The first Final Fantasy was released in Japan for Famicom in 1987. It was later released in the US for the Nintendo Entertainment System in 1990. In an age of video gaming led by either sports, fighting or action/adventure games, with the occasional addictive arcade games thrown in, RPGs were an untapped resource that lived predominantly in the PC world.
Final Fantasy made a debut with a break-out hit that launched one of the industry’s longest running and most profitable series still running strong. But, sad to say, over the years there has been a decline in how good the Final Fantasy games have been and why, and if no changes are made soon, it will fall from that coveted king of RPGs thrown. With more spin-offs than times I crashed in my first run through F-Zero, can this giant ball of perpetual motion RPGs be stopped or possibly reformed before it’s too late?
You see the thing is, if you ask anyone who is truly a lover of RPG games “what is wrong with the Final Fantasy series today?”, most will have the same answer. I went on and asked several gamers that very question. Six no-life having living in their mom’s basement-obsessed gamers, and six adult gamers I know, and the response was quite overwhelming and relatively synonymous. “They traded story and gameplay for graphics and other superficial things – the heart and soul of any RPG is the story like physics are to any simulator game or sports game.” Though I wasn’t completely shocked at this response or felt validated in any way. My compulsion to be a “devil’s advocate” took over and I mentioned that not every staff person is kept or even considered for sequels, not to mention those who died or quit before a new one came to life. At this point I found myself straddling the proverbial fence on my view of the evolution of my beloved childhood gaming series.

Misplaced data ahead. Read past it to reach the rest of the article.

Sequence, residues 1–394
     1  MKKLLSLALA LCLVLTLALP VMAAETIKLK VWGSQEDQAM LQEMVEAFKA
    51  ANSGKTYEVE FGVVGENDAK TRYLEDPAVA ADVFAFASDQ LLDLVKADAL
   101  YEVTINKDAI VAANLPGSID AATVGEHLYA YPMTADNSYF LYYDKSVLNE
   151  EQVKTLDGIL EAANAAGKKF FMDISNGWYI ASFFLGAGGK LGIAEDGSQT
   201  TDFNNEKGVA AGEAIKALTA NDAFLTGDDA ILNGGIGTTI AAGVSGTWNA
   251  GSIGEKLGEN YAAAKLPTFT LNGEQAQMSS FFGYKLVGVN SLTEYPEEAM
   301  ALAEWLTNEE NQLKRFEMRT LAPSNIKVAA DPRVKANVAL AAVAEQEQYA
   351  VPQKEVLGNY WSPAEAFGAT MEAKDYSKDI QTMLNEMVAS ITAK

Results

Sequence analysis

In the end I had to rely on the only person that matters when it comes to what I like. Myself. I sat down in front of my PS3 and replayed Final Fantasy 7 and Final Fantasy Tactics (my favorite game in the series by far due to the strategy aspect of it) and contemplated at first the hours spent playing such games in my youth and the differences that appeared from one game to the next. Though many opinions vary as to where the fall of Final Fantasy came into being, I strongly feel that the errors started in Final fantasy XI. I’ve always thought Final Fantasy was a way to knowing yourself. A personal journey, if you will. And Final Fantasy XI being online only felt limiting and forced. Much like having to be with someone your mom might think you’d be friends with so she set up a play date or something. Later came Final Fantasy X-2 – which I feel looks like a dress-up with mascot outfits. I couldn’t take the game as serious as one can while still having fun. So now its 4am and I’ve decided that given the great memories the series as a whole created, I will give Final Fantasy one final shot at greatness before I am even remotely looking for the next one coming out.
At the moment, “D-Day” for me will be March 09, 2010. That’s the day I will find out for myself if Final Fantasy XIII will be the RPG that breaks this gamer’s back. But I’m a man of opinions and debate so speak up for yourself and let us know how you feel.